Last week, I read six different articles with variations on the good-versus-bad-food theme. Good food? Bad food? It’s funny how we attribute moral properties to what is, essentially, a glob of chemical in a tasty package. Eating is supposed to provide nourishment and pleasure. But in our diet-obsessed culture, we have attributed to food an often-sinister quality.
Here’s one example: “Annie” was so tormented by her fear of food that she avoided parties and dinner invitations, because she didn’t want to be tempted by the tasty treats. When she ate, she spent the entire meal adding and re-adding the number of calories she was consuming. She read labels obsessively, and could tell you the calorie count of almost any food–and usually the number of carbohydrates, fat and protein as well. At best, she regarded food with suspicion; at worst, it terrified her.
Dieters are most susceptible to this mindset, but they’re not the only ones. Other fear-inducing foods and ingredients include saturated fat, sugar, high-fructose corn syrup, trans fats, GMOs, gluten, dairy, soy, pesticides, refined carbs, wheat, diet sodas, and anything that’s even remotely related to increased risk of inflammation, heart disease or cancer.
It’s important to be wary of some of these. I’m a huge proponent of eating clean foods, and make my living writing about them. If you’re sensitive to gluten, should you avoid bread? Absolutely. Will eating trans fats kill you? Probably so. But prudence and mindful choices can sometimes go the way of fear.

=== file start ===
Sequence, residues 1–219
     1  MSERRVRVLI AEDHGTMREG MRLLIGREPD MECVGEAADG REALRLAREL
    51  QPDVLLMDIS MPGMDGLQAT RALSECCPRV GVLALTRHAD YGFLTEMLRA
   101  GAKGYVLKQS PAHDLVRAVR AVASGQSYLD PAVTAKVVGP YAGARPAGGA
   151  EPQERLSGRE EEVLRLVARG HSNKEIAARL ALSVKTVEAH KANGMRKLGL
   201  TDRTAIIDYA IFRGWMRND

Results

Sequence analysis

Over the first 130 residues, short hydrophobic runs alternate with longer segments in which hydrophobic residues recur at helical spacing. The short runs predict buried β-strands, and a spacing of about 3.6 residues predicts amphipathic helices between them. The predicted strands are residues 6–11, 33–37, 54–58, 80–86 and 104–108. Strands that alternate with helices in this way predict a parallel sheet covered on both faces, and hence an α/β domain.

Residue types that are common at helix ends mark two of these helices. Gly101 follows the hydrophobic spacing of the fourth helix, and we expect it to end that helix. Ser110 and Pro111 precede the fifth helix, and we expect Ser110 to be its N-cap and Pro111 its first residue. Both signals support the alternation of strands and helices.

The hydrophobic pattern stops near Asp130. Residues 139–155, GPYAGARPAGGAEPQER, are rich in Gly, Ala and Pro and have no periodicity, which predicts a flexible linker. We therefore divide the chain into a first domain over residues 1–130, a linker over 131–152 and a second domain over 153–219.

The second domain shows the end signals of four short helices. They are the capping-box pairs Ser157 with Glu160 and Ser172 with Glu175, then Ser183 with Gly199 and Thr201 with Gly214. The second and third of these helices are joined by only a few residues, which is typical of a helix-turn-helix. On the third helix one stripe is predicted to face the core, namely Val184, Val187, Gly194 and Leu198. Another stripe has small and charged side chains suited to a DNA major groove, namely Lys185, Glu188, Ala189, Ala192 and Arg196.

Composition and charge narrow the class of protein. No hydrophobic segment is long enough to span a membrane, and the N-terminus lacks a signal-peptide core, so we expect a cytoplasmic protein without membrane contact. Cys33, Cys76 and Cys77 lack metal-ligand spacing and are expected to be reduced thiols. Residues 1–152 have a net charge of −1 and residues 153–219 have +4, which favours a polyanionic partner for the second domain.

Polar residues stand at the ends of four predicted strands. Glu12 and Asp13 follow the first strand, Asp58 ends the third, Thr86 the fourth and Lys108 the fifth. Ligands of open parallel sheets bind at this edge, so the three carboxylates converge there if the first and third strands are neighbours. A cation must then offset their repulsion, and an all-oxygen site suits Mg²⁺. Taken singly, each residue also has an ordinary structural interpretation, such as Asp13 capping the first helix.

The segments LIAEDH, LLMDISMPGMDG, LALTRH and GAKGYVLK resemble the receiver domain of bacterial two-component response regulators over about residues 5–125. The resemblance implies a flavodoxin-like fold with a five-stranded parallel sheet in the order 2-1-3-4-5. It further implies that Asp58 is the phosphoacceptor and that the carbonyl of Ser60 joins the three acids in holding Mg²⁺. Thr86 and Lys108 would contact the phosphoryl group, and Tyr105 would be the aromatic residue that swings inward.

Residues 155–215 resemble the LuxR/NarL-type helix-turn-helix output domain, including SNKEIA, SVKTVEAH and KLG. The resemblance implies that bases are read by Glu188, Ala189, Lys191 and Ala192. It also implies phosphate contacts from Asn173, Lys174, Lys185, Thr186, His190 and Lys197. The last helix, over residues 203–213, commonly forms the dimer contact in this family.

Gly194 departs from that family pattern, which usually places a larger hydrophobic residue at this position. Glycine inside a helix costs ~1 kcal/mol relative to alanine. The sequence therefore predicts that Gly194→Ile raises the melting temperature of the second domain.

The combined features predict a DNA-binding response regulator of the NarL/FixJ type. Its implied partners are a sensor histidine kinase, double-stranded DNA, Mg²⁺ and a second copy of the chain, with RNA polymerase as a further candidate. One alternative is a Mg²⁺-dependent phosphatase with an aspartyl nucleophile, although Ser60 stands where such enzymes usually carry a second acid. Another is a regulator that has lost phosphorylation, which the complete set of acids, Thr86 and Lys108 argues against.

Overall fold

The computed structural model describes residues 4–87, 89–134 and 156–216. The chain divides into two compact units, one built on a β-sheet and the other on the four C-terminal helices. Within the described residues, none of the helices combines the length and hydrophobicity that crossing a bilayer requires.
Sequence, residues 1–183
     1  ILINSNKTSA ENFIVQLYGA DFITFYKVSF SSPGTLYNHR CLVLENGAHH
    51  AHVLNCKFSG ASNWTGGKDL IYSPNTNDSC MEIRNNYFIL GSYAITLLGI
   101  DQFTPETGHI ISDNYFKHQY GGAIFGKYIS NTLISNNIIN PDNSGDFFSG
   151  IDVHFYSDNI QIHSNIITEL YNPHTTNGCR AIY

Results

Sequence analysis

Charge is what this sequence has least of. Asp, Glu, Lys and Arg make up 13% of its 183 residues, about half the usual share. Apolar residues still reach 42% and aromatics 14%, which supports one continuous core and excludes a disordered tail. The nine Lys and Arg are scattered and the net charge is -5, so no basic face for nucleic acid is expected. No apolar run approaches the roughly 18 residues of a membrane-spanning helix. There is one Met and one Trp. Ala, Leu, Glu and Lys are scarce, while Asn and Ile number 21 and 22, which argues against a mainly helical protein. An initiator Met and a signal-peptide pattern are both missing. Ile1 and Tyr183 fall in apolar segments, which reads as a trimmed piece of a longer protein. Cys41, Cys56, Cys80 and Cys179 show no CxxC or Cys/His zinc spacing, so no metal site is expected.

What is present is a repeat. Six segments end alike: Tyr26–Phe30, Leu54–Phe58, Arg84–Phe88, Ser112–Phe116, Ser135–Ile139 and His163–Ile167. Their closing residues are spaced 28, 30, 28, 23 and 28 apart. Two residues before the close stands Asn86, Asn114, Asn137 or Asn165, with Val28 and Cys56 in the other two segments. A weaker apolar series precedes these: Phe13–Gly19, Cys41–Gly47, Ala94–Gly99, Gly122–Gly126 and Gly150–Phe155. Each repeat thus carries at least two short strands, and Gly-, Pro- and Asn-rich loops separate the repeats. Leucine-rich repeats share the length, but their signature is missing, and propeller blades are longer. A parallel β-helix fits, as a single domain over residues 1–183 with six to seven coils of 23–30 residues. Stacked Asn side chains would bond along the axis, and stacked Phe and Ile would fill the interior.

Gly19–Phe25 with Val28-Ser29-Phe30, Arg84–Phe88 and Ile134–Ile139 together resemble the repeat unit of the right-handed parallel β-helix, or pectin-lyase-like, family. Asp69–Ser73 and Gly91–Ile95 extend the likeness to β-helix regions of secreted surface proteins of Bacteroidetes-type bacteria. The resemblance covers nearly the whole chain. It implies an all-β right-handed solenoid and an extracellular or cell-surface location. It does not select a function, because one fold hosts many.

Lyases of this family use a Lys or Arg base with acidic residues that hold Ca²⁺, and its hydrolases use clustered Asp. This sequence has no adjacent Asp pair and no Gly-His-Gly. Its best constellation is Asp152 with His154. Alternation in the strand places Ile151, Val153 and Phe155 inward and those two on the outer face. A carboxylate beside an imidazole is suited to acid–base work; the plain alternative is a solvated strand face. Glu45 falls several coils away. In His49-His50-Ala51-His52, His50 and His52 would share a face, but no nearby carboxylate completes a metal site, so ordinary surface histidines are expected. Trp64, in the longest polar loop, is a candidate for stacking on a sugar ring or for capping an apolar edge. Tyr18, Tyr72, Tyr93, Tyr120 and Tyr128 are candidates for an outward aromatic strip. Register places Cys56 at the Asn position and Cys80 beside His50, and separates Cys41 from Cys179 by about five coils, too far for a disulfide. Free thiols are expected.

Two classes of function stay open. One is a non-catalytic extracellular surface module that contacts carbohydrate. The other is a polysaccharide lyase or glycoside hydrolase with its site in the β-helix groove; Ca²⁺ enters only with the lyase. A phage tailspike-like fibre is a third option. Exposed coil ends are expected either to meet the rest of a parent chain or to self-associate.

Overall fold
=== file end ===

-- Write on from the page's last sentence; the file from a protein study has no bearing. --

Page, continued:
Think of how children eat. When you offer a child a cookie, he doesn’t think, “Dear god, that cookie was made with high-fructose corn syrup and trans fats! And it probably has 500 calories!” They think “Mmmm. Cookie. Sweet! Crunchy!” They eat the cookie, and have an experience of pure pleasure. Somewhere between the happily ignorant bliss of a child, and the ever-vigilant eye of a nutrition-savvy adult, there lies a middle path, one that doesn’t include worry, stress and fear.
If you find yourself from time to time (or frequently) seized by a fear of food, read on for six ways to loosen the grip.